No one writes these letters "by hand," but rather cuts-and-pastes names to avoid writing the same thing dozens of times. It seems extremely likely to me that this person copied a standard "I'm pleased to relay ...", used to tell students they passed, into the letter telling you you failed, and then didn't notice this. There isn't anything else in the letter that seems at all disagreeable. Seeking legal recourse, etc., without even finding out whether this is a typo seems like a severe over-reaction.

  • 4
    Agreed, that was exactly my reaction.
    – SPPearce
    Commented Dec 14, 2016 at 20:33
  • I contacted several other students who had also failed the comprehensive and none of them received such a notice. Commented Dec 14, 2016 at 20:34
  • 6
    @fsmart: I'd say that strengthens the assumption that there is at least one manual step in preparing the letters where mistakes can happen as described in this answer. Commented Dec 14, 2016 at 20:40

I think that both humans and bureaucratic/electronic systems need feedback. Most humans are emphatic and curious, they try to learn about the results of their actions and learn from them. Some systems, although originally built by humans, are not any more monitored. Sometimes they run well, but sometimes they cause damages which may remain completely unnoticed among those who could make a change and nobody fixes these systems. Pointing attention to malfunctioning parts of our systems is a key point in improving our society, also acknowledging positives can be very helpful.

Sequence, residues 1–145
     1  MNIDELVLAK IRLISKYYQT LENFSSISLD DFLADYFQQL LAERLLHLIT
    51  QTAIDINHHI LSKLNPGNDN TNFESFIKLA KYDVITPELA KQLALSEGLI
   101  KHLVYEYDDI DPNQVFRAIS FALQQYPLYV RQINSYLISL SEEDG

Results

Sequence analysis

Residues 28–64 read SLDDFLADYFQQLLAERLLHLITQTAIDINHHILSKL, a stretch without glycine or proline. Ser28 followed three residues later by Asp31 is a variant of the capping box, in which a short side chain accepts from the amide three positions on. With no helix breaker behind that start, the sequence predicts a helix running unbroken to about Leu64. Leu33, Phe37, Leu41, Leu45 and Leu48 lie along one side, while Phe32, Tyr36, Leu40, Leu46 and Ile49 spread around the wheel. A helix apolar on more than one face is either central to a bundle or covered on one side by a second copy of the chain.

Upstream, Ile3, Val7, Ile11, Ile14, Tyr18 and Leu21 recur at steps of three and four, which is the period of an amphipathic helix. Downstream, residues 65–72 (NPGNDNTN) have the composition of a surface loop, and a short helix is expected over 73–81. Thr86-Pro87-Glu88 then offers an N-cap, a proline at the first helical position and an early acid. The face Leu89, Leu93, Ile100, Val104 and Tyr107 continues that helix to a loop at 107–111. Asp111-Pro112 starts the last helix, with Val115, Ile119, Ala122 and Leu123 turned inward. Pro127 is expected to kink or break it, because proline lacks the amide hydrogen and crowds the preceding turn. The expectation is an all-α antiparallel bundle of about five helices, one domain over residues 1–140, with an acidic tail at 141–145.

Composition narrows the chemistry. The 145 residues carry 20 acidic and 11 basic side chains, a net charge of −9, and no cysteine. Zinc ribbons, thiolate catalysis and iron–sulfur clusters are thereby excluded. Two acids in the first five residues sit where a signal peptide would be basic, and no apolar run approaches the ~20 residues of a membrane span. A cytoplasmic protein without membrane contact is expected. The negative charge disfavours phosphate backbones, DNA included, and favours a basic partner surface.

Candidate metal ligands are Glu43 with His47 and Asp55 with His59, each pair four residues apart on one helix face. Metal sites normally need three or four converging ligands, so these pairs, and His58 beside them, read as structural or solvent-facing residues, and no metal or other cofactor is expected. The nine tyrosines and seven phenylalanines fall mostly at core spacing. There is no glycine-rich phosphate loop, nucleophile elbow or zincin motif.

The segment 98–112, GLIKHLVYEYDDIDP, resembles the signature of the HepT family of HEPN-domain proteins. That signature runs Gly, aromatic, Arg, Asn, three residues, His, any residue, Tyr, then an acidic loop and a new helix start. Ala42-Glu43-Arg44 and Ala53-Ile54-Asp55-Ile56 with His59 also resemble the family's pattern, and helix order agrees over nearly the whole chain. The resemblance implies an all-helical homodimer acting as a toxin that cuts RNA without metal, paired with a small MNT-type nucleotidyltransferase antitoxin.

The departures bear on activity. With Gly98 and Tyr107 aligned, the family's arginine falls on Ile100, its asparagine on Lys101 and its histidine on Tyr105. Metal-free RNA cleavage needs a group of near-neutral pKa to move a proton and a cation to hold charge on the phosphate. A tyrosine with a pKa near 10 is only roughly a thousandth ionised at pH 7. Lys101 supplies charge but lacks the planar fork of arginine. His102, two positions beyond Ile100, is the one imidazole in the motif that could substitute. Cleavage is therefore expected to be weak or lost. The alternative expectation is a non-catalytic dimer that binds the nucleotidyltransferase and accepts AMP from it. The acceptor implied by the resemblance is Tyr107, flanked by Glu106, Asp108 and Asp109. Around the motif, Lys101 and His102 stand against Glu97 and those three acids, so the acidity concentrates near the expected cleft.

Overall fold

Summary: do give feedback.

In my opinion the only question here is who to send the feedback to.

  1. Write directly to the professor who sent the email that hurt you? If he is an honest man who had the good intention to give an early notification, just it went wrong he will feel bad learning that he hurt you, and he will probably be more careful in the future. He may talk to the programmer if it was a program that mass mailed the results to the students. I believe that if your professor was accidentally hurting your emotions he will value a gentle, non-blaming feedback that his went wrong. - Rarely professors have bad characters, and showing him that you were hurt may make him happy and will bring no benefit.
  2. If you have good reasons to believe that the professor had bad intentions you can send your feedback to a higher level, send a formal complaint etc. Keeping a malicious professor in an important position is a system error, too. Your letter may get ignored, but it also may be the last straw that will start an investigation into his practices.
  3. If you think that the system is malfunctioning, and an answer like "we will take appropriate action, but we can not give you information about the outcome" means the shredder you could contact many other students asking their experiences with this professor. You might convince yourself that he must have made a mistake, but you might end up with sufficient evidence to improve a malfunctioning system or to get rid of the rotten apple.

Having recommended to take action I'm not recommending any kind of revenge. For a good exaple you may want to study the life of https://en.wikipedia.org/wiki/Gandhi .

  • Has the downvoter thoughts to share?
    – winerd
    Commented Jan 15, 2018 at 17:10